A study from Baylor University found that to-do lists can significantly improve sleep quality if they are done before bedtime.
The study which appeared in the Journal of Experimental Psychology shows that volunteers who agreed to compile a short to-do list just before bedtime reported better sleep quality than their peers.
Study authors explained that the simple task of mentally “offloading” things one needs to urgently do the next day greatly improves sleep. In other words, writing a to-do list helps frees the mind for a restorative sleep.
People are more and more obsessed about things they haven’t finished throughout the day. And those worries prevent them from falling asleep or having a good quality nighttime sleep.
Lead author Michael Scullin explained that most people browse their to-do lists in their minds, but writing them down is a way better move to handle those responsibilities.
The study involved 57 young adults who agreed to spend one weekend in a room called a sleep lab. Participants were asked to shut down all screens at 10:30 p.m. and the sleep lab lacked any other distractions.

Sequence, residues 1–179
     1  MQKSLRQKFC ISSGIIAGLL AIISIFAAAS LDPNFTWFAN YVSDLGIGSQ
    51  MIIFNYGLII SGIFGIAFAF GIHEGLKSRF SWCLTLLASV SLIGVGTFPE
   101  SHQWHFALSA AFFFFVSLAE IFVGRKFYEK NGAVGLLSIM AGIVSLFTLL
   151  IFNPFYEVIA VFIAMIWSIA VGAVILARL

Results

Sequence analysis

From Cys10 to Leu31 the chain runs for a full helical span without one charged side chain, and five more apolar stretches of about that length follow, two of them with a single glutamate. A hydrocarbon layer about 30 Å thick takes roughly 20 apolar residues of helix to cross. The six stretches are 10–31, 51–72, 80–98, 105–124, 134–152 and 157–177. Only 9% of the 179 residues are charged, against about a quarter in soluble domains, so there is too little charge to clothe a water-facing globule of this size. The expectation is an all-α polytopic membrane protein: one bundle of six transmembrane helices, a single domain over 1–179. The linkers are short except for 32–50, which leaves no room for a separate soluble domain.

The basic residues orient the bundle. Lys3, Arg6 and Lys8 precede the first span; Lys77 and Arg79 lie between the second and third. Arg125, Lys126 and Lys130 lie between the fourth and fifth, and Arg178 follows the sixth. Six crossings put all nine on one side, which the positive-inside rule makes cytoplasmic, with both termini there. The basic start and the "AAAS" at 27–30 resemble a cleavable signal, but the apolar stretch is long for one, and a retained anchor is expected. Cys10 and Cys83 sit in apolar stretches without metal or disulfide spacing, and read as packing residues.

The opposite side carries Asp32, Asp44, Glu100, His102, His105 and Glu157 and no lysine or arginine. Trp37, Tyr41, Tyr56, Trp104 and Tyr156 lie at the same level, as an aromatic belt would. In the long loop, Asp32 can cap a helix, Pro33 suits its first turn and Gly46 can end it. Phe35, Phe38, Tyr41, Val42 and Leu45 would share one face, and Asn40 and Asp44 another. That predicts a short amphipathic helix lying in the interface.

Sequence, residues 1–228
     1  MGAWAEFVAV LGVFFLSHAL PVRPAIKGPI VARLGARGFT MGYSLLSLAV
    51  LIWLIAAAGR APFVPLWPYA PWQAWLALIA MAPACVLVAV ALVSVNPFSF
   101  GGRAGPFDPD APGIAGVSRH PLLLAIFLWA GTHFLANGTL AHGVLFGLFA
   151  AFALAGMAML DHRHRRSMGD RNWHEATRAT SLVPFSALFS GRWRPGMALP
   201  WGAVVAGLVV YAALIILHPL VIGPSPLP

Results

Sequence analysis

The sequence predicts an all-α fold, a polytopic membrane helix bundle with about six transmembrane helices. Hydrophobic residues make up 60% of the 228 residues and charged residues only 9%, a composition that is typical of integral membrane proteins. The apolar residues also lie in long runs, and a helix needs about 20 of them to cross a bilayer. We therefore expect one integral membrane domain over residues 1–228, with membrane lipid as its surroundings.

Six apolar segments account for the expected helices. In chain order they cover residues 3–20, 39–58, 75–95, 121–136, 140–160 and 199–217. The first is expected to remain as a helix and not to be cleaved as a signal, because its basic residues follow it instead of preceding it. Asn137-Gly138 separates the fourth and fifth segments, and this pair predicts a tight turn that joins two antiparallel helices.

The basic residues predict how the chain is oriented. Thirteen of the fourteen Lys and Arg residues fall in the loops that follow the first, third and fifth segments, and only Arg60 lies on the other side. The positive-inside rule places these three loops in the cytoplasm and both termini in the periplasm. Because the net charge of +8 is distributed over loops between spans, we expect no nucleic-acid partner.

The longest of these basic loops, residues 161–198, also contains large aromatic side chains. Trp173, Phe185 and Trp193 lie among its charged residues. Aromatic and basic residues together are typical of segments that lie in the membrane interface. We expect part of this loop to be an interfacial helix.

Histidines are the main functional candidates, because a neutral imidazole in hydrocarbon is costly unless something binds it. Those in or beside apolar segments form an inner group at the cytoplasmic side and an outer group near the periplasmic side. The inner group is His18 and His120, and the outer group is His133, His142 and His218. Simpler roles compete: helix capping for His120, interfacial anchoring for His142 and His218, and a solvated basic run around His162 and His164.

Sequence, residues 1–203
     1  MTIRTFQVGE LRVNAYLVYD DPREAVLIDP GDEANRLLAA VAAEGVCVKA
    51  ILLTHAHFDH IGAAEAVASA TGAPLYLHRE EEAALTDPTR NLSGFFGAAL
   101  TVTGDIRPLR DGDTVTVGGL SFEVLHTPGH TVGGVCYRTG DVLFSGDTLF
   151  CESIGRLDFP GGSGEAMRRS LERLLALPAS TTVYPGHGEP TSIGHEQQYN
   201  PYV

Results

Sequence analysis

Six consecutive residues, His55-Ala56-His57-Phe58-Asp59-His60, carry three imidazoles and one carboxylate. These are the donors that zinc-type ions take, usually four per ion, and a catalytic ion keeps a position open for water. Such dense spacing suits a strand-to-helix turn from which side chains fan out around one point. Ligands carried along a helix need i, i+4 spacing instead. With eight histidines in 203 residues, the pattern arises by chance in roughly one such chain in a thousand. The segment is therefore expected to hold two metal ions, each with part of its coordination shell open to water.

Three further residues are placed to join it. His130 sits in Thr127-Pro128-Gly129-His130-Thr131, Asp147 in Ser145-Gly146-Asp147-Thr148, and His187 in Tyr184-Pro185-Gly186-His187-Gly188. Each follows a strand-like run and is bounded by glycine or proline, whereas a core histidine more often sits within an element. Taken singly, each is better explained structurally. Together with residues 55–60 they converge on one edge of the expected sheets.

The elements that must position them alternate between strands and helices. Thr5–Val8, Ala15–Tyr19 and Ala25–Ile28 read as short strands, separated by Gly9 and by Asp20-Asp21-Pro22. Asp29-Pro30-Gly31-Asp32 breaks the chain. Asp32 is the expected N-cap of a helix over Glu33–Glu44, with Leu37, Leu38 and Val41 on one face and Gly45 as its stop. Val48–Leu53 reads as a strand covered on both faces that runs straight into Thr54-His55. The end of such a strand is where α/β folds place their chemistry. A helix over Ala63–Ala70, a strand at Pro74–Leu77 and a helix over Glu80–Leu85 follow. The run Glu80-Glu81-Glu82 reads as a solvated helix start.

Five minutes before going to sleep participants had to do a to-do list for the next days or compile a list with tasks they had managed to complete the other days. Afterwards, volunteers were allowed to go to sleep.
During nighttime, each participants’ brain activity was measured through polysomnography, a screening method that tracks eye movement and biological changes. Volunteers who chose to write to-do lists fell asleep faster than those who wrote the other list.
- Study authors also found that the most specific participants were about their to-do list, the faster they fell asleep.
- By contrast, the group that documented completed activities fell asleep slower if they were more detailed-oriented.
The health benefits of writing a to-do list before bedtime were comparable to those of sleep medications.
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